March 26-27: Environmental writer explores storytelling

By J. Adrian Aumen, College of Arts & Sciences

Cronon-80PULLMAN, Wash. – William Cronon, one of the country’s foremost environmental writers, thinkers and historians, will be the featured speaker at two free, public events March 26-27 as part of Washington State University’s Visiting Writer Series.

“William Cronon is an exceptional historian who has a scholar’s depth and breadth of knowledge but also a novelist’s skill at telling stories,” said Larry Hufford, director of the School of Biological Sciences and the Charles R. Conner Museum of Natural History at WSU. “His seminal book, “Changes in the Land,” was tremendously influential in shaping the way we think today about wilderness and the pervasiveness of human influence on the American environment.”

Cronon appeared in Ken Burn’s PBS documentary, “National Parks: America’s Best Idea.”

He will present “The Portage: Time, Memory and Storytelling in the Making of an American Place” at 6:30 p.m. Wednesday in the CUB auditorium on the WSU Pullman campus. The literary reading and discussion will explore the ways people’s stories about their lives, homes and landscapes shape their sense of place.

He will join an interdisciplinary panel of faculty experts from WSU and the University of Idaho in examining “The Personal Voice of Scholarly Writing” 3:30-5:30 p.m. Thursday in the Whitewater Room, Idaho Commons Student Union, on the UI campus in Moscow.

The panel of published authors and bloggers will discuss the “pros and cons of personal voice in academic writing, interesting experiments and examples of energetic writing within our various fields,” said Debbie Lee, professor of English at WSU and co-coordinator of the writer series. “We’ll focus on ways to infuse personal voice in scholarly literature – in contrast to the typically anonymous, authoritative voice of academic work.”

Panelists from WSU are Mary Wack, vice provost for undergraduate education; Hufford; and Lee. Panelists from UI are Adam Sowards, associate professor and director of the Institute for Pacific Northwest Studies, and English professors Mary Blew and Scott Slovic.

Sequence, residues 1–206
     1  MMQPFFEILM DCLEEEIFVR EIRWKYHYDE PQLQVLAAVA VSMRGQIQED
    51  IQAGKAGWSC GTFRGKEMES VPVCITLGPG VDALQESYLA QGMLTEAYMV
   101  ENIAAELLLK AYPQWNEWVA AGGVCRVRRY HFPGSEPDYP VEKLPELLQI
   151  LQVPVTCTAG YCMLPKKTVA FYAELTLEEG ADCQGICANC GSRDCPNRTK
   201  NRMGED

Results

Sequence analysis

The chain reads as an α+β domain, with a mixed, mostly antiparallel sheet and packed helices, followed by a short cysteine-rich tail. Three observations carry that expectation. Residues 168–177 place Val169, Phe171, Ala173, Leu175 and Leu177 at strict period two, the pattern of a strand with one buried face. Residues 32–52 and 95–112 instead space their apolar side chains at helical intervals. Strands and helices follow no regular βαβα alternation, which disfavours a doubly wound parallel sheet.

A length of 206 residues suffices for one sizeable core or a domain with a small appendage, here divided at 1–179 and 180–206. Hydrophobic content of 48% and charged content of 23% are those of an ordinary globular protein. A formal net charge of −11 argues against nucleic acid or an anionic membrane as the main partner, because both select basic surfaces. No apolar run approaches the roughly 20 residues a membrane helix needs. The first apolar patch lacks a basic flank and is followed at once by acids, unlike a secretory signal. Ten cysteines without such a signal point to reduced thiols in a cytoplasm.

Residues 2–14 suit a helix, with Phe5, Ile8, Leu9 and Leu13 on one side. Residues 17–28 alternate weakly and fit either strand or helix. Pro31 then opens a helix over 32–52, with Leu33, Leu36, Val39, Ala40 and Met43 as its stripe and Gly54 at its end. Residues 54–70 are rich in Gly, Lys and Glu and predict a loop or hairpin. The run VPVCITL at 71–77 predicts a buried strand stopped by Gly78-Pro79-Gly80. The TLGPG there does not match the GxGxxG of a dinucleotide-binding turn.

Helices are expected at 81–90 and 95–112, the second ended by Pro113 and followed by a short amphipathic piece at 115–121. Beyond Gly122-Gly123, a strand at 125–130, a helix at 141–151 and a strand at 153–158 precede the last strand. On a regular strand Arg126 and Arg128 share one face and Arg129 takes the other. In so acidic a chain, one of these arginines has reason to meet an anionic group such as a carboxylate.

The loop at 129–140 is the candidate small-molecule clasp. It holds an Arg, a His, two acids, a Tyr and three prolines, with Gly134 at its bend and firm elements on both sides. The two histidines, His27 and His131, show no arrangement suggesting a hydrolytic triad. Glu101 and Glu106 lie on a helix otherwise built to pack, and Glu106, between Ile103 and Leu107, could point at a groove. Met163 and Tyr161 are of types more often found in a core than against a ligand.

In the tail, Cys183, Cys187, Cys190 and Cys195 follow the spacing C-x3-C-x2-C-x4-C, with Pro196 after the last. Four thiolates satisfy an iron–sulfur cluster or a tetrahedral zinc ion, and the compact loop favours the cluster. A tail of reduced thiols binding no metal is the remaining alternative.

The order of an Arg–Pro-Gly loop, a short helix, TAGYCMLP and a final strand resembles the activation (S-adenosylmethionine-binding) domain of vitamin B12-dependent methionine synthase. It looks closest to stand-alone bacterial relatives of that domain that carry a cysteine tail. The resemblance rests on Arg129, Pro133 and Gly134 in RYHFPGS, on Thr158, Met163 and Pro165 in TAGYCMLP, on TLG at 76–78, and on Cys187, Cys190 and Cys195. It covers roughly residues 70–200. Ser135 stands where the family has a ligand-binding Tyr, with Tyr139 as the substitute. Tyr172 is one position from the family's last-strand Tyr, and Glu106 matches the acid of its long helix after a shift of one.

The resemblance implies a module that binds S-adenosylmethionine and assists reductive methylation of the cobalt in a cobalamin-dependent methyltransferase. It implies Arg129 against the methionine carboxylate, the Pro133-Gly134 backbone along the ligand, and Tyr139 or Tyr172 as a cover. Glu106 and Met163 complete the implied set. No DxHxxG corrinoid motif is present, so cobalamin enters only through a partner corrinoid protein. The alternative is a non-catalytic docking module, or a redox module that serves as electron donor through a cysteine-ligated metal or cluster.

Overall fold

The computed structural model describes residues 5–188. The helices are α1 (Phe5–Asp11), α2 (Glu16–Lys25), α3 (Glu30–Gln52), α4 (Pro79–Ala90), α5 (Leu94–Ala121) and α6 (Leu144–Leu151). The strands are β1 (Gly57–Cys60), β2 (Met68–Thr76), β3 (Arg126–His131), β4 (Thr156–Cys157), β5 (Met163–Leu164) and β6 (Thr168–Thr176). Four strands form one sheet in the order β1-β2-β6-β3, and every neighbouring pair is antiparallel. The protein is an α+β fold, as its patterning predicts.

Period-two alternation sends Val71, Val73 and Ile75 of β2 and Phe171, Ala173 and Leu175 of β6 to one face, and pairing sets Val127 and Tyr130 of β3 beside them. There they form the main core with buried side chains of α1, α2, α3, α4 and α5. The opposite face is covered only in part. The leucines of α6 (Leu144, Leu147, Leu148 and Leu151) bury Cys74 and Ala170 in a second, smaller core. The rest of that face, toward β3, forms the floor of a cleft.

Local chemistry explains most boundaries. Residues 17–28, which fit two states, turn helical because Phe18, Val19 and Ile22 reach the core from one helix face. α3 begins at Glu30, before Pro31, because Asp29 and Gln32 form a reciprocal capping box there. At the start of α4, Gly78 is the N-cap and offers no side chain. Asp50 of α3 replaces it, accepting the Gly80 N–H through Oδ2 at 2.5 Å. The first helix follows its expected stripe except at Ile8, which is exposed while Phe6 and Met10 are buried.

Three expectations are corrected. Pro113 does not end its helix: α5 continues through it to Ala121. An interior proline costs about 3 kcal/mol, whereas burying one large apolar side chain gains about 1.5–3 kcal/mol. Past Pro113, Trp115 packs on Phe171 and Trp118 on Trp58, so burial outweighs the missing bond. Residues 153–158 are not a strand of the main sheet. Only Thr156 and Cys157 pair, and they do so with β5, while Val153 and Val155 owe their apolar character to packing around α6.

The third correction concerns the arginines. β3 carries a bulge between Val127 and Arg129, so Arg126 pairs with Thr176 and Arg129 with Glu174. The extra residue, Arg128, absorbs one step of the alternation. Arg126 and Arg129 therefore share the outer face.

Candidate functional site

Cronon is the Frederick Jackson Turner and Vilas Research Professor of History, Geography and Environmental Studies at the University of Wisconsin-Madison and past president of the American Historical Association. His book, “Nature’s Metropolis: Chicago and the Great West,” was nominated for a Pulitzer Prize and awarded the Chicago Tribune’s Heartland Prize and the Bancroft Prize.

Both events are sponsored by the WSU Department of English with support from the Department of History, Conner Museum, Office of Undergraduate Education and CEREO (Center for Environmental Research, Education and Outreach). Additional support is from UI’s Department of English, Department of History and Program in Northwest Studies.

Find more about these final events in the 2013-14 Visiting Writer Series at WSU at

More about the featured author

William Cronon earned doctoral degrees from both Yale University and Oxford University. He was a Rhodes scholar and has held fellowships through the American Academy of Arts and Sciences, the American Philosophical Society, the John D. and Catherine T. MacArthur Foundation, and the Guggenheim and Danforth foundations.

Renowned in the fields of historical and environmental geography, Cronon is a “citizen-scholar” who makes his research publicly available. His work focuses primarily on American environmental history and the history of the American West, illuminating the history of human interactions with the natural world. He has authored and co-edited numerous books and other publications.



Debbie Lee, WSU professor of English,, 509-335-6812

Adrian Aumen, communications, WSU College of Arts and Sciences,, 509-335-5671